I grew up in a very apolitical home. My mother was too busy raising five children as well as having a job outside the home, and my father was advised by his father to never join any political organizations. Living in the Soviet Union, Dad was aware of the dangers of speaking negatively about anyone in power, so we never had lively political conversations at dinner time. It was more like, “He hit me,” or “Whatever you do, don’t spill the wine!”

Most of my siblings are definitely more vocal politically than either of our parents, but I am careful about voicing my opinions about what is happening in our country because I generally avoid confrontations.

However, the pardon of the racist sheriff from Arizona has made my blood boil. I read about the targeted immigration raids and traffic stops, and the harsh treatment of prisoners under his watch. The inmates were given moldy bread and rotten fruit to eat, forced to sleep outside in tents with oppressive summertime temperatures, and in the winter, heat was used sparingly. Warm clothing was not an option.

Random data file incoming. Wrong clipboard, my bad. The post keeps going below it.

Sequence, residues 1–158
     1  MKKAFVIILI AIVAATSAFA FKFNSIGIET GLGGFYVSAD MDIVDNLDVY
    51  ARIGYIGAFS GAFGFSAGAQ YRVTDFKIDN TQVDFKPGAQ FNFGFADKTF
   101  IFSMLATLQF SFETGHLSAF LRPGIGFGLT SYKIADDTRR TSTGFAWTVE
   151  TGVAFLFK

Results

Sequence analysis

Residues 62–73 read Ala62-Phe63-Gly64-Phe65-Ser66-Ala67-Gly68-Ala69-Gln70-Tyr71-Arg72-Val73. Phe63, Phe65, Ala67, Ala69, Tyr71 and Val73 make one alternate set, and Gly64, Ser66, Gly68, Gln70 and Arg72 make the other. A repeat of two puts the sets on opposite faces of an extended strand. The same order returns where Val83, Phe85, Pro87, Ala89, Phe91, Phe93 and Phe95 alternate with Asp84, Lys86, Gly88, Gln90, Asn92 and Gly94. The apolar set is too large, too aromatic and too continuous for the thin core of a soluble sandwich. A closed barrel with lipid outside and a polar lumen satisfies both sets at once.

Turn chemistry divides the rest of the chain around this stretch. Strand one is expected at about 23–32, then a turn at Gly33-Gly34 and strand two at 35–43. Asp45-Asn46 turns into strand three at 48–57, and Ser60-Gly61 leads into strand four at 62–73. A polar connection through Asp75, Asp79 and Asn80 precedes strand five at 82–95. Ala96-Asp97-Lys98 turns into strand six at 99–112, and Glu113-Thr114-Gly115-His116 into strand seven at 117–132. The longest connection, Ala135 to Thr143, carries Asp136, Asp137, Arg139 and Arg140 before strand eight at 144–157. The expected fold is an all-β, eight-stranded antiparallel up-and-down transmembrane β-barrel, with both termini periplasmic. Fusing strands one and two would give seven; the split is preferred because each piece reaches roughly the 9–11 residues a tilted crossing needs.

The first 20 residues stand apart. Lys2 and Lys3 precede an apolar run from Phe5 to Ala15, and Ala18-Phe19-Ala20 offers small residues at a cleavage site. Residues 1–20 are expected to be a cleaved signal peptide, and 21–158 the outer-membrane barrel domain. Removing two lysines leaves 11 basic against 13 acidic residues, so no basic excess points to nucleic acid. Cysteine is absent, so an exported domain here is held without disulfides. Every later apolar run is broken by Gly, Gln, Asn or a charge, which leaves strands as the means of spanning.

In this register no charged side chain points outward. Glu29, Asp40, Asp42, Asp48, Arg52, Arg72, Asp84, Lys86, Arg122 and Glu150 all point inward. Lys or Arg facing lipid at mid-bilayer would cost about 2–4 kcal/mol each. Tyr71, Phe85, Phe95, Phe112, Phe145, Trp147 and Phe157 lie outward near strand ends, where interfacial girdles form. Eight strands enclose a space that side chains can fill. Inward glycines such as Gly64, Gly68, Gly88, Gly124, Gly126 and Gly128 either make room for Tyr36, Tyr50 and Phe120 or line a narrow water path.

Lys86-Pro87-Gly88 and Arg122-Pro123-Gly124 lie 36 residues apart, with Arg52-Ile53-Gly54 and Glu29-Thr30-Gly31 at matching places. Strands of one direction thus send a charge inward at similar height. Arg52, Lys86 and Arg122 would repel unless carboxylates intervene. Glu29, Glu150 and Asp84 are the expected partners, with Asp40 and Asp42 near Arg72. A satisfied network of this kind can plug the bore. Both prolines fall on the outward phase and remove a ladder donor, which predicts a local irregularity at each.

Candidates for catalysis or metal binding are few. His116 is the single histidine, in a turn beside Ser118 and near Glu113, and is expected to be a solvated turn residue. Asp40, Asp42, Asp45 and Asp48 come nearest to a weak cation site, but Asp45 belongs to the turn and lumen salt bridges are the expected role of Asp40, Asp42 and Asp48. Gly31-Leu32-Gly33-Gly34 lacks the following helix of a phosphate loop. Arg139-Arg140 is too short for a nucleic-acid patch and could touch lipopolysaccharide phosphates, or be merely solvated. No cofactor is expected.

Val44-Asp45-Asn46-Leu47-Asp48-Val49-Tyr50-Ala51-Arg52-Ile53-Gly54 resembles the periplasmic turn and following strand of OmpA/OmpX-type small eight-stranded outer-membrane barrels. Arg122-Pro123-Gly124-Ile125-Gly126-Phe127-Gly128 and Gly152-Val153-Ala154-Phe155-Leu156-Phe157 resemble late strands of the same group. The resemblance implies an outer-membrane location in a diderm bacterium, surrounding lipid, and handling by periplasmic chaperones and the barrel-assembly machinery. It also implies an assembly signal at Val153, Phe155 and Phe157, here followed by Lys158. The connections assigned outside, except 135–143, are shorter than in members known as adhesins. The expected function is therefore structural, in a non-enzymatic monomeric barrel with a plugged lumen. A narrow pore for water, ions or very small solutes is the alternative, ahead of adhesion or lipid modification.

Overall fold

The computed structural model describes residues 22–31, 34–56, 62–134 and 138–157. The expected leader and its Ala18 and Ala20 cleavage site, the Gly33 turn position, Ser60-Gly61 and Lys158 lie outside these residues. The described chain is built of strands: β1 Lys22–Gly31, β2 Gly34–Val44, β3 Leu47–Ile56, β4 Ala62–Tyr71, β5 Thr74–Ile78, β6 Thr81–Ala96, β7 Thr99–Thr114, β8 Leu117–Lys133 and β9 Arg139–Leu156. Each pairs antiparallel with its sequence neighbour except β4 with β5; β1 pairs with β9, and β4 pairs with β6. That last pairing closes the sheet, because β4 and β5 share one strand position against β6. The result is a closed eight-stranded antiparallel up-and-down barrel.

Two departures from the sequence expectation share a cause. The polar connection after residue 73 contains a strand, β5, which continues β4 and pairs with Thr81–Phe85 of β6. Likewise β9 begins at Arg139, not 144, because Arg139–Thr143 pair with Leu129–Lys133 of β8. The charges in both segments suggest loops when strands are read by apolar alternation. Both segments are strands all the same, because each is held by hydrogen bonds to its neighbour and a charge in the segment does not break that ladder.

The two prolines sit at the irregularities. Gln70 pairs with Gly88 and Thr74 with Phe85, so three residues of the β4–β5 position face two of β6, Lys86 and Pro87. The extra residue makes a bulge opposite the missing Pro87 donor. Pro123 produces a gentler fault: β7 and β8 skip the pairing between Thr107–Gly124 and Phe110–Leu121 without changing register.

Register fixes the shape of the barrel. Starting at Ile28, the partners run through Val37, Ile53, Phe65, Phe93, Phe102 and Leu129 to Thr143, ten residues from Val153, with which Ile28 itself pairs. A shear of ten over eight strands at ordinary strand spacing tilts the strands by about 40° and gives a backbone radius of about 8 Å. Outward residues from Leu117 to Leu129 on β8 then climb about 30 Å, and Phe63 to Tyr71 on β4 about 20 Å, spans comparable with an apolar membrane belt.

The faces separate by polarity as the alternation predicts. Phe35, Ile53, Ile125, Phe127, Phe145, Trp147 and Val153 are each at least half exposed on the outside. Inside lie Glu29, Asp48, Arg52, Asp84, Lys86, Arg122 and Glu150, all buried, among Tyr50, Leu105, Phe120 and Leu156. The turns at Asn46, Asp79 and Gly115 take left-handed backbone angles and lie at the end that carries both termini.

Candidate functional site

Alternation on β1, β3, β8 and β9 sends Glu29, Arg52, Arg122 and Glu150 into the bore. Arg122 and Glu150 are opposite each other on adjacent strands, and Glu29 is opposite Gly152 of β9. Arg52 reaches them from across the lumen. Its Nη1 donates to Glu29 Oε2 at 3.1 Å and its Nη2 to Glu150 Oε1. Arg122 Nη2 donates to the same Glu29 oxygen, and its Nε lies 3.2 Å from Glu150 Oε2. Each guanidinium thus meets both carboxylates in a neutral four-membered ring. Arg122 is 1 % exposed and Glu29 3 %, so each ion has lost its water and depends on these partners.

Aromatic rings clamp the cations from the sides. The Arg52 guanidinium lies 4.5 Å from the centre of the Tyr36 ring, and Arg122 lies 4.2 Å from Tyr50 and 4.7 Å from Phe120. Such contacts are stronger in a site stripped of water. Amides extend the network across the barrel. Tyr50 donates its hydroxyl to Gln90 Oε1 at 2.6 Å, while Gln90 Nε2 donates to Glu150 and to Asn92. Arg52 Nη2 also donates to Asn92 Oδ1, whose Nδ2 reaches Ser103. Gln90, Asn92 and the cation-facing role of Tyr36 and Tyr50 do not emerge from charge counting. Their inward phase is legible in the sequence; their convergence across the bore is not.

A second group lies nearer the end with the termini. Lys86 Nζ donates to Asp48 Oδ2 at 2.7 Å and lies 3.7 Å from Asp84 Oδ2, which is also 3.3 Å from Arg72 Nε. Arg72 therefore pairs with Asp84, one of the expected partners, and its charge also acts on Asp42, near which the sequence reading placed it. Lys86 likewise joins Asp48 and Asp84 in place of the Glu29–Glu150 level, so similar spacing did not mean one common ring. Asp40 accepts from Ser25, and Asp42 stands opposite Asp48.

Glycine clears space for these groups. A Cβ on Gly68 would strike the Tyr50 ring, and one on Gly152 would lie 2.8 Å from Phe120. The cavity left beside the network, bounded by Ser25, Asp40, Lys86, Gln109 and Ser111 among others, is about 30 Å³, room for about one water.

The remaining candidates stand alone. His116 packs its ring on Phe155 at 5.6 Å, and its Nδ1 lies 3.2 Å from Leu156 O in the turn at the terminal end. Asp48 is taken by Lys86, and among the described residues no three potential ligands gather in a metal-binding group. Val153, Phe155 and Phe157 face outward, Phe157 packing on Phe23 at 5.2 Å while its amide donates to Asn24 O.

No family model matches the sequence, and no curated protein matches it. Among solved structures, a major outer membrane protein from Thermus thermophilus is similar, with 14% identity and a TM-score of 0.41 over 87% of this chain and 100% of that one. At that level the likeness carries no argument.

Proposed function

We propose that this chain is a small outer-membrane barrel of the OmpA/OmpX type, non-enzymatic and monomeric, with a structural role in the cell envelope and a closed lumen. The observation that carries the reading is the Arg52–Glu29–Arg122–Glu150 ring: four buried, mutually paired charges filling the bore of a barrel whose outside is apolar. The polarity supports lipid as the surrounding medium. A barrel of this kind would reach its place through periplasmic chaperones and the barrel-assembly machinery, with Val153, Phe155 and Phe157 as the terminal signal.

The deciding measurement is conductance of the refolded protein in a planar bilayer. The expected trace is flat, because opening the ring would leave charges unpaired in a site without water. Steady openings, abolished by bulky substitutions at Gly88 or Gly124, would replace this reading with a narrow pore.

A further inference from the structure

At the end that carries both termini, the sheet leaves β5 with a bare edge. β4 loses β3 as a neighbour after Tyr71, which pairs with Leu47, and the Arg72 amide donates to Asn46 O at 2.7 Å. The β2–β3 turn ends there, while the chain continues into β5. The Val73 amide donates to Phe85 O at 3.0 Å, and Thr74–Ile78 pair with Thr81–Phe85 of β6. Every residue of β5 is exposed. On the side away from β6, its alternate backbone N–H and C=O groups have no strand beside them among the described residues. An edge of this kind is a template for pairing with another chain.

This reminded me of the arrest of my father’s sister as she was headed to the American Embassy in the Soviet Union. The charge was “violation of passport regulations.” She was sentenced to imprisonment for one year. The conditions in those prisons was abysmal.

Our family always knew this story, but I always thought, “But that happened in Russia in 1942. It would never happen here, and surely it would not be condoned.”

My daughter told me that she threw her phone across the couch when she heard the news of the pardon—by the President of the United States—of the man responsible for the terror in Arizona targeted toward the Latino community. I felt sick to my stomach.

Each day, I watch the news and wonder how much worse can it get? What is happening to our “Sweet Land of Liberty?” What would Dad think?